2.4 Self-assembling biomaterials

J. S. Rudra, S. H. Kelly, J. H. Collier

Research output: Chapter in Book/Report/Conference proceedingChapterpeer-review

5 Scopus citations

Abstract

Self-assembly has become a useful way of constructing biomaterials for a variety of applications ranging from cell culture to tissue engineering. Attractive features of self-assembled biomaterials include chemical definition, modularity, stimulus-sensitivity, and the ability to produce complex supramolecular objects from comparatively simple precursors. These aspects also make self-assembly an effective way of bridging the practicality of synthetic materials with the molecular and structural complexity of biologically derived materials. In this chapter, self-assembling strategies are summarized, with particular emphasis on materials employing peptides and proteins as the essential oligomerizing components. Two-dimensional self-assemblies, primarily self-assembled monolayers, are also overviewed. Immune responses to supramolecular biomaterials, advantages that arise from self-assembling approaches, and examples of recent in vivo applications of these materials are additionally discussed.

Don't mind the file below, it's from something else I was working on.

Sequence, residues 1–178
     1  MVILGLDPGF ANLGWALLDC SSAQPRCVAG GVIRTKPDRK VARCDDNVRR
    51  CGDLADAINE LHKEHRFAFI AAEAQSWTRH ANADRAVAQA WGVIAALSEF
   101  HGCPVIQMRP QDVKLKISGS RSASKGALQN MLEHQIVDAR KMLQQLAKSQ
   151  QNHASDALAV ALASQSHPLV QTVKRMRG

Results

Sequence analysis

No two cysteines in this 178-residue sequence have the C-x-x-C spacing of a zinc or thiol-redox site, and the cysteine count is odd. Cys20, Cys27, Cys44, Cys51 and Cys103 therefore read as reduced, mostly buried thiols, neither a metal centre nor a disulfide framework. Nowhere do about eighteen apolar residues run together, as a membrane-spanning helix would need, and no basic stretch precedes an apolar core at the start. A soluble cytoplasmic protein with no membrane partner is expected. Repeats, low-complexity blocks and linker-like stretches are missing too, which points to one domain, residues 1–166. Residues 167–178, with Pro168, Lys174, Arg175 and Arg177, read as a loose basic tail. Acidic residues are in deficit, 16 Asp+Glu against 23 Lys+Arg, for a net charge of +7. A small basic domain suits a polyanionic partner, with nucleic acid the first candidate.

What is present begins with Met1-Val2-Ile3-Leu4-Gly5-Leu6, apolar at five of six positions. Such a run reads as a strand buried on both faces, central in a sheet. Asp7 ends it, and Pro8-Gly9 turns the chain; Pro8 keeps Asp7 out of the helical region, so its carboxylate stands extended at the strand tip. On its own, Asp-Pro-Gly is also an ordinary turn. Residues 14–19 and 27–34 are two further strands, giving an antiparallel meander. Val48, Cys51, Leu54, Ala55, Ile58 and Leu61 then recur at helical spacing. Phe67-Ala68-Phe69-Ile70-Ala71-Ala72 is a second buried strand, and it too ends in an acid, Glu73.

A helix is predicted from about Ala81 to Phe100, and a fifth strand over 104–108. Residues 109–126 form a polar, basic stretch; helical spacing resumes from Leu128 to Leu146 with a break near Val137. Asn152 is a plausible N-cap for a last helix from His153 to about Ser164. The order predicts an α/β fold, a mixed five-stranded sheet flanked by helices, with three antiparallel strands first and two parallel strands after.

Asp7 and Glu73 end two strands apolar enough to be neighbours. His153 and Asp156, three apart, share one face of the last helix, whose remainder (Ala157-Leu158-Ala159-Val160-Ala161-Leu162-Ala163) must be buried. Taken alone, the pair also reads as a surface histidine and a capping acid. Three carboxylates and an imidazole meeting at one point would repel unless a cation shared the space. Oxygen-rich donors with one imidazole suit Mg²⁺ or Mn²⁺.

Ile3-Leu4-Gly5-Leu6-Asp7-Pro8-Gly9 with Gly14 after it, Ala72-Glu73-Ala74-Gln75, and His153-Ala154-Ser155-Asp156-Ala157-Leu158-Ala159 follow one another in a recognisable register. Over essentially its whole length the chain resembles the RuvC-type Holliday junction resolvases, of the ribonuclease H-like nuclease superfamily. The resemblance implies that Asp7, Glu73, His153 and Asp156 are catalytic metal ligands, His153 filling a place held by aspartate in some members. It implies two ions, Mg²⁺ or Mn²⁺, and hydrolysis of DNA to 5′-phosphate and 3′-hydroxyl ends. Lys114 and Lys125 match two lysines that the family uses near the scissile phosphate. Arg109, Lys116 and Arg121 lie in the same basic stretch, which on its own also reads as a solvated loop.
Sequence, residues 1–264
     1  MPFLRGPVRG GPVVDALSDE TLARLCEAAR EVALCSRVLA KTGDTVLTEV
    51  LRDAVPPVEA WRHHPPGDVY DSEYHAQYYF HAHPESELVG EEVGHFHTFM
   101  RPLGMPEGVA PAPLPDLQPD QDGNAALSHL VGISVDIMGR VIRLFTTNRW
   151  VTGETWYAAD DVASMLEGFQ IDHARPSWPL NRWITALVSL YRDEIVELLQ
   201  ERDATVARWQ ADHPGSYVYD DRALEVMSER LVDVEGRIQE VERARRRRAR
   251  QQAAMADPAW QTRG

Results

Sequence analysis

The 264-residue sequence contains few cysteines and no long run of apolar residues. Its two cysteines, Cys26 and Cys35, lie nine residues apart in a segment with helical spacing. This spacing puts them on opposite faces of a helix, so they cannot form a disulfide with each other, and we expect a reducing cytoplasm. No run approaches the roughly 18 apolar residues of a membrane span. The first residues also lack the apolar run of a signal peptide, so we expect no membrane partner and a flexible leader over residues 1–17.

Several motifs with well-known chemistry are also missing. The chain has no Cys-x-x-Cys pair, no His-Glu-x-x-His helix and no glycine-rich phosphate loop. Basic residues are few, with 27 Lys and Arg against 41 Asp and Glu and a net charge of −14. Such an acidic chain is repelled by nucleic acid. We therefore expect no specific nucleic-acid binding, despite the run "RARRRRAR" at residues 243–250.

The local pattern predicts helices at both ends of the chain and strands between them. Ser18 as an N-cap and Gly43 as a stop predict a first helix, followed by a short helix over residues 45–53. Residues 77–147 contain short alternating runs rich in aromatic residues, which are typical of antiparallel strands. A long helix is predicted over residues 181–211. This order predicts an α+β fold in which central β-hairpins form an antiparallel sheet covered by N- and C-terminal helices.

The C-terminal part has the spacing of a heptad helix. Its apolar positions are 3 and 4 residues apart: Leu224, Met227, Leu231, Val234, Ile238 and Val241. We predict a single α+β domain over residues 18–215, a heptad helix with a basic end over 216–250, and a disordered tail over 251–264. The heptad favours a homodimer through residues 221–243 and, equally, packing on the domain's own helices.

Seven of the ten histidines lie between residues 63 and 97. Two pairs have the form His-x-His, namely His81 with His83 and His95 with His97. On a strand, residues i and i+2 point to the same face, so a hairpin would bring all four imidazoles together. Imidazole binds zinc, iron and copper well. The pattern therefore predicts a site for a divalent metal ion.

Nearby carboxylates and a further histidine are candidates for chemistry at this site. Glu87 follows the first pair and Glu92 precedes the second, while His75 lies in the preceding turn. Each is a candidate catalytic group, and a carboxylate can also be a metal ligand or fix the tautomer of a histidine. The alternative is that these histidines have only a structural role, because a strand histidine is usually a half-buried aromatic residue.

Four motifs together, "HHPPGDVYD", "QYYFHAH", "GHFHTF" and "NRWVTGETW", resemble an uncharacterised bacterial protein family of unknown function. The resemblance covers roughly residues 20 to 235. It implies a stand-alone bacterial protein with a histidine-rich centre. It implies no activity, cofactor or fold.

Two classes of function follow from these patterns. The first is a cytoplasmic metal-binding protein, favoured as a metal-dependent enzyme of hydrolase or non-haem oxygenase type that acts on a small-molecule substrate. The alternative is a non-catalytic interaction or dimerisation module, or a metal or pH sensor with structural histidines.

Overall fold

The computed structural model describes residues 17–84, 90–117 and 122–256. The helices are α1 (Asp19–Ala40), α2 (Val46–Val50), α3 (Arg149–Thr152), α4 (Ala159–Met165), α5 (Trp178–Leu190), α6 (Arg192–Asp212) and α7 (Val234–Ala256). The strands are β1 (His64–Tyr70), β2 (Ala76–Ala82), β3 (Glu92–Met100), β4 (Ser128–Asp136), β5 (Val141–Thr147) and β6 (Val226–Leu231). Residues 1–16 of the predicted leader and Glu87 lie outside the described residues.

Original languageEnglish
Title of host publicationComprehensive Biomaterials II
PublisherElsevier
Pages67-89
Number of pages23
ISBN (Electronic)9780081006924
ISBN (Print)9780081006917
DOIs
StatePublished - Jan 1 2017

Keywords

  • Amphiphiles
  • Biomimetic
  • Coiled coil
  • Collagen
  • Fibrillar
  • Hydrogels
  • Immunogencity
  • Peptide-polymer
  • Regenerative medicine
  • Self-assembled monolayers (SAMs)
  • Self-assembly
  • Tissue engineering
  • Vaccine
  • β-Sheet

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